I doubt you lack the imagination. You write so eloquently that I have a feeling you're a deeply creative and imaginative person, or at least have that potential. But yes, you do lack the faith, as do I. I consider this a good thing. I think it's better to have beliefs that are consistent with reality, even if the stories of religions are extremely appealing in the ways you describe. If I had to choose between believing a truth that unsettled me, or a fiction that made me happy, I'd pick the truth every time. Maybe I'm just a glutton for punishment, lol.

    Here's what I really want you to consider though, your existence is not necessarily meaningless. Meaning is not something prescribed to us, it is not something absolute, or ultimate, not something bestowed upon us or dictated from on high. It doesn't come from some outside authority, so it's not lost when you don't believe in such an authority. Meaning is something we create for ourselves. It's a human concept. Each of us finds and creates meaning in our own lives. I certainly can't tell you what will make your life meaningful to you. I think you just have to figure out what you value and what you consider good and then construct your life around that stuff.

    Quote Originally Posted by Derpamix View Post
    True happiness is probably viewing each day like a child would on Christmas morning.
    That seems like a good start.

  8. #208
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    Quote Originally Posted by GroksRoyalewCheese View Post
    I don't think any reasonable person here would debate that. I consider religion rather silly, but I absolutely support people's personal freedom to choose to worship as they please, so long as it doesn't infringe on others. I consider myself an atheist, on Dawkins' spectrum I would be a de facto atheist, meaning I don't claim to know for certain, but I consider the possibility of a higher being to be so improbable that I live my life under the assumption that there is no god.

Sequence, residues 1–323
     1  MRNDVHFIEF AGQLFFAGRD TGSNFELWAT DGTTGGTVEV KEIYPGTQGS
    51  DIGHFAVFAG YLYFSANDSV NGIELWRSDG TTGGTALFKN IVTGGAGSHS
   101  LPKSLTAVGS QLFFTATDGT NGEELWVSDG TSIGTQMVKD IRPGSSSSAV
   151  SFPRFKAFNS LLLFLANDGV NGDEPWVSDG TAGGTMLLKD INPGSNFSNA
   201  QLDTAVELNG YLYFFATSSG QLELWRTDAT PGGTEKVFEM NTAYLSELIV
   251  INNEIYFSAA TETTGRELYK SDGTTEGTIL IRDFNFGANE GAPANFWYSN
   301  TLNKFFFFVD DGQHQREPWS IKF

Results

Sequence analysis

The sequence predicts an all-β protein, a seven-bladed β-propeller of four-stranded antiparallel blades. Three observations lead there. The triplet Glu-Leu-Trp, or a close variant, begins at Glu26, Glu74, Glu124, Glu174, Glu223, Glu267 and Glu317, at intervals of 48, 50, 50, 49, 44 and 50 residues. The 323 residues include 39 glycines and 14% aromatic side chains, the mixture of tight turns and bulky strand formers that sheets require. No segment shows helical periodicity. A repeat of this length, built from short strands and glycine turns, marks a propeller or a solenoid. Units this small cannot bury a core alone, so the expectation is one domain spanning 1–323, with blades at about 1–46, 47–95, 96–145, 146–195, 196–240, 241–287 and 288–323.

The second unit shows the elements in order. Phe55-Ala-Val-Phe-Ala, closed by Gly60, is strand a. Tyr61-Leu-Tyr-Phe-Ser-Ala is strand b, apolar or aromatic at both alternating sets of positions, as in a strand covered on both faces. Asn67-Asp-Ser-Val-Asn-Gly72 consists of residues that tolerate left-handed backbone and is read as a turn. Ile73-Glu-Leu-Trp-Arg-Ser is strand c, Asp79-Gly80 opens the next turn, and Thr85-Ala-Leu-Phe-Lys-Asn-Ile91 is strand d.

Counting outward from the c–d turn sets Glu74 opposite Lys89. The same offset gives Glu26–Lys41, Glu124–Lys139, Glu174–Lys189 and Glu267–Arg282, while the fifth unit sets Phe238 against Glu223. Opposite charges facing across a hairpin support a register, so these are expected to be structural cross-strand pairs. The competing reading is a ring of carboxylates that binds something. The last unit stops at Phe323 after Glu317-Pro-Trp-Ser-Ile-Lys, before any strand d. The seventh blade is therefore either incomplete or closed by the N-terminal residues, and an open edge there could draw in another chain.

Seriously, his troll job was off to a good start with the original post, but I'm now quite sure OP has an IQ in the double digits
    For God so Loved the world He gave His Only Son, that whosoever believes in Him will have Eternal Life!

  9. #209
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    Quote Originally Posted by Scott F View Post
    I knew your type of argument would come up from someone. Maybe you don't realize it, Rich, but your entire argument presupposes the existence of a Moral Truth. If even one just moral precept can be found to real it necessarily follows that atheism (specifically secular humanism) is bankrupt based upon Meta Ethics. That doesn't mean atheism is wrong in its theistic arguments but it does logically follow that materialism (of which modern atheism is grounded upon) cannot possible be true.